In the second semi-final former world champion Mayra AGUIAR (BRA) squared off in a battle of London 2012 Olympic bronze medallists as she fought fellow former world champion Audrey TCHEUMEO (FRA). As ‘Ole, ole, ole, ole, Mayra, Mayra' chants rang out around the Carioca Arena 2 the contest was settled by shido penalties as TCHEUMEO was not even remotely unsettled by the home reaction for the Brazilian star. The Frenchwoman won 1:2 on shidos to make sure that she would improve on her London bronze.
In the first bronze medal contest AGUIAR faced Beijing 2008 Olympic silver medallist Yalennis CASTILLO (CUB) who had been involved in the longest contest of the competition so far as she beat Dutch fighter and former world champion Marhinde VERKERK in her second contest after an incredible tussle which required an additional seven minutes of golden score action after the four minutes of regulation time. AGUIAR went ahead with a yuko and trapped the Cuban in osaekomi but to her credit the seasoned campaigner plugged away and found a way out before conceding a score. Brazil clinched their second medal of the competition as AGUIAR saw out the remaining time without any scares to become a double Olympic bronze medallist.
The second bronze medal contest saw VELENSEK defeat European bronze medallist Luise MALZAHN (GER) to win Slovenia’s second medal of the week. A strangle from the Slovenian subdued the German fighter who was well-backed by her travelling supporters as she came up short in her bid to win Germany’s second judo medal at Rio 2016. The Slovenian was the only new fighter on the -78kg podium from London as three of the four were there with 2012 silver medallist Gemma GIBBONS (GBR) the only absentee.
TCHEUMEO, Audrey (FRA) vs HARRISON, Kayla (USA)
Bronze Medal Fights
AGUIAR, Mayra (BRA) vs CASTILLO, Yalennis (CUB)
VELENSEK, Anamari (SLO) vs MALZAHN, Luise (GER)
VELENSEK, Anamari (SLO) vs HARRISON, Kayla (USA)
AGUIAR, Mayra (BRA) vs TCHEUMEO, Audrey (FRA)
1. HARRISON, Kayla (USA)
2. TCHEUMEO, Audrey (FRA)
3. AGUIAR, Mayra (BRA)
3. VELENSEK, Anamari (SLO)
5. CASTILLO, Yalennis (CUB)
5. MALZAHN, Luise (GER)
7. JOO, Abigel (HUN)
7. POWELL, Natalie (GBR)
The Czech Republic’s Rio 2016 Opening Ceremony flagbearer Lukas KRPALEK (CZE) became the standard-bearer today as he won his country’s first Olympic judo medal and first gold in any sport at Rio 2016. Former world champion KRPALEK, 25, already had all the motivation he needed with a tilt at an Olympic title at stake but welcomed his new born baby Antonin to the world just a fortnight ago and was fighting for him and his late teammate Alexandr JURECKA who tragically passed away last year. World Judo Masters bronze medallist KRPALEK faced top seed Elmar GASIMOV (AZE) in the -100kg final and with everything in the balance with 30 seconds remaining it was the Czech fighter who delivered the defining moment as he threw the Azeri for ippon with an ouchi-gari to ensure that his team’s first Olympic judo medal was the most valuable and beautiful.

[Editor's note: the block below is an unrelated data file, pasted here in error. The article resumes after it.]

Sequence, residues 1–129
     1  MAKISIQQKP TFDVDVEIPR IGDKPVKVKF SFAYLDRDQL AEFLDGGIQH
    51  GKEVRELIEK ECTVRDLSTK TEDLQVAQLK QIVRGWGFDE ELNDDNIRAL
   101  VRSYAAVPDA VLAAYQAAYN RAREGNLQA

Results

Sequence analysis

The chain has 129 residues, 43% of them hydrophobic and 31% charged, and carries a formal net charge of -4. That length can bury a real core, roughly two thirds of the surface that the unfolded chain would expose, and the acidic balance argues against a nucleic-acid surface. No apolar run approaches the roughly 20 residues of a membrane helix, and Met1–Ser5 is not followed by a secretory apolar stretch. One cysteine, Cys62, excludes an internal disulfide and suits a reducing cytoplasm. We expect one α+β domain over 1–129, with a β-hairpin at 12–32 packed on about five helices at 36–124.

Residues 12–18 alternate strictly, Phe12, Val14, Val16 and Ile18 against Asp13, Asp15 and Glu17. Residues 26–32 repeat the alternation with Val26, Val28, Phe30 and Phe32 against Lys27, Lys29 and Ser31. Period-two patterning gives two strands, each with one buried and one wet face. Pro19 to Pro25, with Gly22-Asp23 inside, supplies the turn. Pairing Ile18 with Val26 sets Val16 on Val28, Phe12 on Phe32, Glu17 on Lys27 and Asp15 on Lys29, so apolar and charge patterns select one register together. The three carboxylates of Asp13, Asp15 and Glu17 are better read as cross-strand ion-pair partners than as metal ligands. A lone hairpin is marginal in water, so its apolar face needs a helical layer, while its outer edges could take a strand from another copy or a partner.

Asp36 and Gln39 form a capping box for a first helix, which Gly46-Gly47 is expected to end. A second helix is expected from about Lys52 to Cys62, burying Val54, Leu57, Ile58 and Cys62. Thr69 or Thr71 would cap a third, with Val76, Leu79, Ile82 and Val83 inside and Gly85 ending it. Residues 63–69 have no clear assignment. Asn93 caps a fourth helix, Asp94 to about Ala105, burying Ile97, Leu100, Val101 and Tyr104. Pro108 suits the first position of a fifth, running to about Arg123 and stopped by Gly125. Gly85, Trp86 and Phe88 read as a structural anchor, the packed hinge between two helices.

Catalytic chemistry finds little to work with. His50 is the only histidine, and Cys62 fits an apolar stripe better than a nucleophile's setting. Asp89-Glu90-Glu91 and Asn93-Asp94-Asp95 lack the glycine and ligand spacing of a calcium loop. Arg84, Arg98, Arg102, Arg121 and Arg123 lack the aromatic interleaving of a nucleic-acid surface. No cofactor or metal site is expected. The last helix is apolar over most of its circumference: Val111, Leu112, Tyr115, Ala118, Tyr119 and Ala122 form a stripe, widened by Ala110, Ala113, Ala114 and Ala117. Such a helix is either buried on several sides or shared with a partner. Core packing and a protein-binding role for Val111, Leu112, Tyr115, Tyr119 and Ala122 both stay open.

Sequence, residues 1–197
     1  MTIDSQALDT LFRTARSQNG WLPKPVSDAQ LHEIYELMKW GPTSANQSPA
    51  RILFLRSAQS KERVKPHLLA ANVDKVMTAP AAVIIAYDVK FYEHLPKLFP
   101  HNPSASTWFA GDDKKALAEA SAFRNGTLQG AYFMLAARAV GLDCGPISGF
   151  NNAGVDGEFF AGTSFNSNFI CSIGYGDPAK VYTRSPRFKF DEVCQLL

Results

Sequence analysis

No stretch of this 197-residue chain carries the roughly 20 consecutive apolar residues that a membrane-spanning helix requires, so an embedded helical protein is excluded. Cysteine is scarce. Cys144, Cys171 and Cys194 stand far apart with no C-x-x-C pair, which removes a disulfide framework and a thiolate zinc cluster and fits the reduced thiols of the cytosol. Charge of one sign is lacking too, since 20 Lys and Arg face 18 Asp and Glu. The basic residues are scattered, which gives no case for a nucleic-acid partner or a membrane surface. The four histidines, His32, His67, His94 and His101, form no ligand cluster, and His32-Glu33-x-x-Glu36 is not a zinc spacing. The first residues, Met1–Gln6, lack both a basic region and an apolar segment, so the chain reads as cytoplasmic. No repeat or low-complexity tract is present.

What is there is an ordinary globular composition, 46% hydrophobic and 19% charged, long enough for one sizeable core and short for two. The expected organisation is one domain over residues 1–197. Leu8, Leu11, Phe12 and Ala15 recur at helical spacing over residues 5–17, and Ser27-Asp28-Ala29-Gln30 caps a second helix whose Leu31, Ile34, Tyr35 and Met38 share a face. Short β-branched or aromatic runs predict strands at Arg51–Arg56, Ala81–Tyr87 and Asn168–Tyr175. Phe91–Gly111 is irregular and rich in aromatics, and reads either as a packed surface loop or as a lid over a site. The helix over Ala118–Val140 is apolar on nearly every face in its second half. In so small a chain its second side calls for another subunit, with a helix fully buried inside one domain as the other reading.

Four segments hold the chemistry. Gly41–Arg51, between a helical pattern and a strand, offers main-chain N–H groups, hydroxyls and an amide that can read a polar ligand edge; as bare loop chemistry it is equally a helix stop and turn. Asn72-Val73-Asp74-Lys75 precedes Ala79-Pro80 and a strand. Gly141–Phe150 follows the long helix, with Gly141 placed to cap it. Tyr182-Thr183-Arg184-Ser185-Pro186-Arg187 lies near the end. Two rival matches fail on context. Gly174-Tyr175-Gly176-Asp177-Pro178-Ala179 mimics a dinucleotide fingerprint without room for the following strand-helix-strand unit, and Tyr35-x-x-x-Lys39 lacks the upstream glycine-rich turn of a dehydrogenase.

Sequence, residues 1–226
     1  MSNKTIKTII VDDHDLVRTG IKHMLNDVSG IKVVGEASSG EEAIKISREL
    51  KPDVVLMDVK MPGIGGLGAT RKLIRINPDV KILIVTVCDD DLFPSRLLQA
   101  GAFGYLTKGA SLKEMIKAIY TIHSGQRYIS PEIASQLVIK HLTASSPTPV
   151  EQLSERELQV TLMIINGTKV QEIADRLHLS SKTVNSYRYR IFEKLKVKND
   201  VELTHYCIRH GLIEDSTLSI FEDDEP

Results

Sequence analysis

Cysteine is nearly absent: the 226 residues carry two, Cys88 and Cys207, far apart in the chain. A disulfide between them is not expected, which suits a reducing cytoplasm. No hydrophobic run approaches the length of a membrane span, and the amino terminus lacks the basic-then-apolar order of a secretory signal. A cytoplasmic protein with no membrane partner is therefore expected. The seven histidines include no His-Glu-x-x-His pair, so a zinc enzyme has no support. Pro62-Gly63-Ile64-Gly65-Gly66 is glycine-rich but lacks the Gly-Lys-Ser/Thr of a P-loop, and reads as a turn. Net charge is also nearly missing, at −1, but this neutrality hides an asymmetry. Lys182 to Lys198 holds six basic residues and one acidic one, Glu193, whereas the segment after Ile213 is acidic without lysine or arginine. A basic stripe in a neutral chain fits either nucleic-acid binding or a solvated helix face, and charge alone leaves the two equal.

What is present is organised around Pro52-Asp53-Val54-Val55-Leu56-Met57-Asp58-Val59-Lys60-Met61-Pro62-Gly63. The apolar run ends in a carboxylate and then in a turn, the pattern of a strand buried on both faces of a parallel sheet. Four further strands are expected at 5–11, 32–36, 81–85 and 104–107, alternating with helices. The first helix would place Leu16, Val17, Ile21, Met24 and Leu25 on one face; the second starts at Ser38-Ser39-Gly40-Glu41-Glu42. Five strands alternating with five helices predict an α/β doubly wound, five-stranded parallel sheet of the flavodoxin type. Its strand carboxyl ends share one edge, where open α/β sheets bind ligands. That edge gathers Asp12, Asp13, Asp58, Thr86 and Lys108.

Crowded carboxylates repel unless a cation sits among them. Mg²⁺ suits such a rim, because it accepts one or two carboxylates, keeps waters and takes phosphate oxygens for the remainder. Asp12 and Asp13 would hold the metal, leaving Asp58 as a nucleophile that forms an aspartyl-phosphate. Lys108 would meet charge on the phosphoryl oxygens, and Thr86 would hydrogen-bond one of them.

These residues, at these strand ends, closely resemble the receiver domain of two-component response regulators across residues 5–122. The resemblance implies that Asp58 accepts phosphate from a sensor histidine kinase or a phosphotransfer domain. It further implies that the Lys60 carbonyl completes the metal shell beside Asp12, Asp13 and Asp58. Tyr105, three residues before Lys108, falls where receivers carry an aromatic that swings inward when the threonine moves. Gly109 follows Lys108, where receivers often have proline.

KRPALEK said: “Many people told me, 'Lukas, you will be champion, you will be champion'. That was very hard. A lot of people in Czech Republic had huge expectations. I am the number one in the Czech Republic and I am a legend in judo at home.
"In the first round and in the second round I did not feel so good. Every match was so hard, but the first and the second match were even harder, because I fought with small guys and I don't like that. I am very proud that I could win the first Olympic medal for Czech Judo, the gold medal. It is amazing."
The Czech Republic hero spoke about his touching tribute to his friend and teammate JURECKA (CZE) who died in a diving accident in September 2015 in Italy.
"In the last two matches I thought so strongly about my friend. I can't lose the match. I was thinking about him the whole day and especially in the last two matches. I had his picture with me all the time."
In the first semi-final GASIMOV bested Havana Grand Prix winner Artem BLOSHENKO (UKR) as he explosively booked a place in the -100kg final to guarantee his country a second judo medal at Rio 2016. The Azeri screamed with delight and threw his arms into the air as he let all of his emotion out as his dreams looked poised to come true.
In the second semi-final KRPALEK faced Cyrille MARET (FRA) who was determined to make a mark at the Olympics. The Czech fighter held down MARET with a tate-shiho-gatame to secure a place in the Olympic final.
The first -100kg bronze medal contest saw birthday man MARET whipped the French fans and their flags into a frenzy as he beat Karl-Richard FREY (GER) with a thunderous osoto-gari for ippon.
The second -100kg bronze medal contest saw world champion HAGA Ryunosuke (JPN) – who lost his scoreless quarter-final to KRPALEK on shidos – defeat BLOSHENKO on the ground as the Japanese men continued their prolific record of medalling in all six categories to date with heavyweight hope HARASAWA Hisayoshi (JPN) their last man in action on Friday.
Lukas KRPALEK (CZE) vs GASIMOV, Elmar (AZE)
Bronze Medal Fights
MARET, Cyrille (FRA) vs FREY, Karl-Richard (GER)
BLOSHENKO, Artem (UKR) vs HAGA, Ryunosuke (JPN)
BLOSHENKO, Artem (UKR) vs GASIMOV, Elmar (AZE)
KRPALEK, Lukas (CZE) vs MARET, Cyrille (FRA)
1. KRPALEK, Lukas (CZE)
2. GASIMOV, Elmar (AZE)
3. MARET, Cyrille (FRA)
3. HAGA, Ryunosuke (JPN)
5. FREY, Karl-Richard (GER)
5. BLOSHENKO, Artem (UKR)
7. DARWISH, Ramadan (EGY)
7. GVINIASHVILI, Beka (GEO)
Friday - 12 August
10:00 - 13:00 Preliminaries
15:30 - 18:10 Final block
Location: Carioca Arena 2
IJF Media & Communications Department
Mark Pickering, IJF Media Manager
Nicolas Messner, IJF Media Director
Photos © IJF Media by G. Sabau, Tamas Zahonyi and Jack Willingham